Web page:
Current-Caused Ripple Marks (Asymmetrical) Current Ripples in a tidal flat (Baja, CA) 100 million-yr old ripples in sandstone (San Juan Basin, NM)
*Cross-Bedding _______ • A series of thin, inclined layers within a larger bed of rock. • These layers form a distinct angle to the horizontal. • Most common in sandstone
Cross-Bedding from Wind-Blown Sand
Sand Dunes Coastal Dunes Desert Dunes
Cross-Bedding in Dunes Zion National Park, UT
Cross-Bedding from a Water Current
*Mudcracks ______ Mudcracks in recently dried mud • Polygonal cracks formed in very fine-grained sediment as it dries. • Only form in environments where sediment is exposed above water. – Tidal Flats – Lake bottoms as the lake dries up – Flood deposited sediment – Desert floors after rainfall
Mudcracks in Rocks The cracks usually fill with sediment
*Fossils ______ Any traces of plants or animals preserved in a rock
Body Fossils – Unaltered Remains Insects in Amber Preservation in Tar • Body fossils may be preserved as – unaltered remains, • meaning they retain • their original composition and structure, • by freezing, mummification, in amber, in tar
Body Fossils – Unaltered Remains • 40, 000 -year-old frozen baby mammoth • Found in Siberia in 1971 • It is 1. 15 m long and 1. 0 m tall • It had a hairy coat • Hair around the feet is still visible
Body Fossils Ammonoid Cephalopods Nautiloid Cephalopod Extinct relatives of the Modern squid
Altered Remains • Petrified tree stump – in Florissant Fossil Beds National Monument, Colorado • Volcanic mudflows – 3 to 6 m deep – covered the lower parts – of many trees at this site
Petrified Wood Painted Desert, AZ
Unaltered Remains • Carbon film of a palm frond • Carbon film of an insect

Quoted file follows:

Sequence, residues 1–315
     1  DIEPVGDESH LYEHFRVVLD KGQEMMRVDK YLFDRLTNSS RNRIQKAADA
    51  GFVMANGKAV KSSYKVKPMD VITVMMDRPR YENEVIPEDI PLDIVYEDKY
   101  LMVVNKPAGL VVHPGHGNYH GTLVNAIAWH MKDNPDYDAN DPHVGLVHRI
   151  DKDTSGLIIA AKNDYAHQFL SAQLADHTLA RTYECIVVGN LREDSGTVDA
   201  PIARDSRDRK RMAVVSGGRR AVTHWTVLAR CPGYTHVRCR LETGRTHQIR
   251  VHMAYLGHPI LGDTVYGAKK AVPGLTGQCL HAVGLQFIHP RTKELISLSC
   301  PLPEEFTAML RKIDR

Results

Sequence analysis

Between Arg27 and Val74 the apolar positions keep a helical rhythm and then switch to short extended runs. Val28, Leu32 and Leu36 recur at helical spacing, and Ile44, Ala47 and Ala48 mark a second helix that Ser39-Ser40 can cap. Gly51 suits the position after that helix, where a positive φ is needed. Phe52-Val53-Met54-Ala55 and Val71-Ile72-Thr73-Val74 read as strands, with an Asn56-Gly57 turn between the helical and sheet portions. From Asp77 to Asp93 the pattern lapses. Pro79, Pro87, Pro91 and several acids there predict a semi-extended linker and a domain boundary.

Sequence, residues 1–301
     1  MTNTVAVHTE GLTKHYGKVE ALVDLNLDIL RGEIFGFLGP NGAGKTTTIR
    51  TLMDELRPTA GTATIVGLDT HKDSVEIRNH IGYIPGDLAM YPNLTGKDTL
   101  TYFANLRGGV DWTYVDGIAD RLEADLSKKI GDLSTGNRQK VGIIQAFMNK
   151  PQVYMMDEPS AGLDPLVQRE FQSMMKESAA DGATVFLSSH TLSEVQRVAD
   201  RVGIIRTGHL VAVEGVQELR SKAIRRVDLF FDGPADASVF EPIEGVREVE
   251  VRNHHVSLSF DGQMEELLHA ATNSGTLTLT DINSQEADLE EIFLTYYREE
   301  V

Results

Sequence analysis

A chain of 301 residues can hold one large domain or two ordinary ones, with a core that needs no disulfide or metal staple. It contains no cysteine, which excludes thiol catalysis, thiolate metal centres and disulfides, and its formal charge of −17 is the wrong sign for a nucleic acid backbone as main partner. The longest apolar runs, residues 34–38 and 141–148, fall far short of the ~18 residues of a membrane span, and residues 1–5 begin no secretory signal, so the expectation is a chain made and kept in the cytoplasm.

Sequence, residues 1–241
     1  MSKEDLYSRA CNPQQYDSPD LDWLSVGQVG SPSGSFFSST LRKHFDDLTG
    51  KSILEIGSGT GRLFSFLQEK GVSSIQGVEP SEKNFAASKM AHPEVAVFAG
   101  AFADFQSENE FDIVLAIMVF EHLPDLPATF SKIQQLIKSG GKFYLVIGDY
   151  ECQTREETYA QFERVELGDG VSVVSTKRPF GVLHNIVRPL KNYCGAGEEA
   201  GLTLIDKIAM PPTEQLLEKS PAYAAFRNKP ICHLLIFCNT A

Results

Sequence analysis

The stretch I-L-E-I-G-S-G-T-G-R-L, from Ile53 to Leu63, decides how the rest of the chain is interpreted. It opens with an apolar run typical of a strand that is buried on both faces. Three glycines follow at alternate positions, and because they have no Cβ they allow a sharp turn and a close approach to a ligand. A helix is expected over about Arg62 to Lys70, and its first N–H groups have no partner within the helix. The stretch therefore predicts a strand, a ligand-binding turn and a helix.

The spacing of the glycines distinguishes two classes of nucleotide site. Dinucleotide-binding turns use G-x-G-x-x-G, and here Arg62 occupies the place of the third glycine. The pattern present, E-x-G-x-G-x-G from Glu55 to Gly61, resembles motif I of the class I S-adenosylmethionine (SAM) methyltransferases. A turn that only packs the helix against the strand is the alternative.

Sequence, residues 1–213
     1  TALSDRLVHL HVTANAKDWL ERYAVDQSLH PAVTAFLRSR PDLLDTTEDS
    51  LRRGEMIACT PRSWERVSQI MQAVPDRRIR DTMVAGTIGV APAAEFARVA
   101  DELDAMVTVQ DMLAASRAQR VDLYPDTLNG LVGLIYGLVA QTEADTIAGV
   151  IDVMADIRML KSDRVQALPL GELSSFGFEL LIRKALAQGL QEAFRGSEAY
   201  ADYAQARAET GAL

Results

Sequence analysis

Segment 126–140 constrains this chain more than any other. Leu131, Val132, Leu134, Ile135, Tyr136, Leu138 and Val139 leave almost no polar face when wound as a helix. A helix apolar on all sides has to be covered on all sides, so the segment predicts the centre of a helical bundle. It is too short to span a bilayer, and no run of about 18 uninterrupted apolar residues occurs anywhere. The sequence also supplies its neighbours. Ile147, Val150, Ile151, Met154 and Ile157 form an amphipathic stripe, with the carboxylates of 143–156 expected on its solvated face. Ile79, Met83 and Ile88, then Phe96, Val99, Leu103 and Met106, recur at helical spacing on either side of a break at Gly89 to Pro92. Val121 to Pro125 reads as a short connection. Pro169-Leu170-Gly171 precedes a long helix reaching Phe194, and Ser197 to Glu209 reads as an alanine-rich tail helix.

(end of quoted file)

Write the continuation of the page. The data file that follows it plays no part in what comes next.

Molds and Casts • Molds form – when buried remains leave a cavity • Casts form – if material fills in the cavity
Mold and Cast Step a: burial of a shell Step b: dissolution leaving a cavity, a mold Step c: the mold is filled by sediment forming a cast
Trace Fossils • • Footprints Burrows Trails Fossilized “dung”
Trace Fossils • Fossilized feces (coprolite) – of a carnivorous mammal • Specimen measures about 5 cm long – and contains small fragments of bones
Burrows • Vertical, dark-colored areas in this rock are sediment-filled burrows
Formations ________ 1. A body of rock of considerable thickness with characteristics that distinguish it from adjacent rock units. 2. Usually composed of one or more sedimentary rock beds. 3. Often based on rock type. – Criterion for distinguishing and naming a formation is some visible characteristic that makes it recognizable. For example: – A sequence of limestone beds may have different fossils in the lower half than in the upper half. – It would be divided into two formations based on the fossil content.
Environments of Deposition • Depositional environments – Anywhere sediment accumulates – Especially a particular area • where a distinctive kind of deposit originates from physical, chemical, and biological processes • Three broad areas of deposition include – Continental – Transitional (shallow marine) – Deep Marine
Depositional Environments Continental environments Transitional environments Marine environments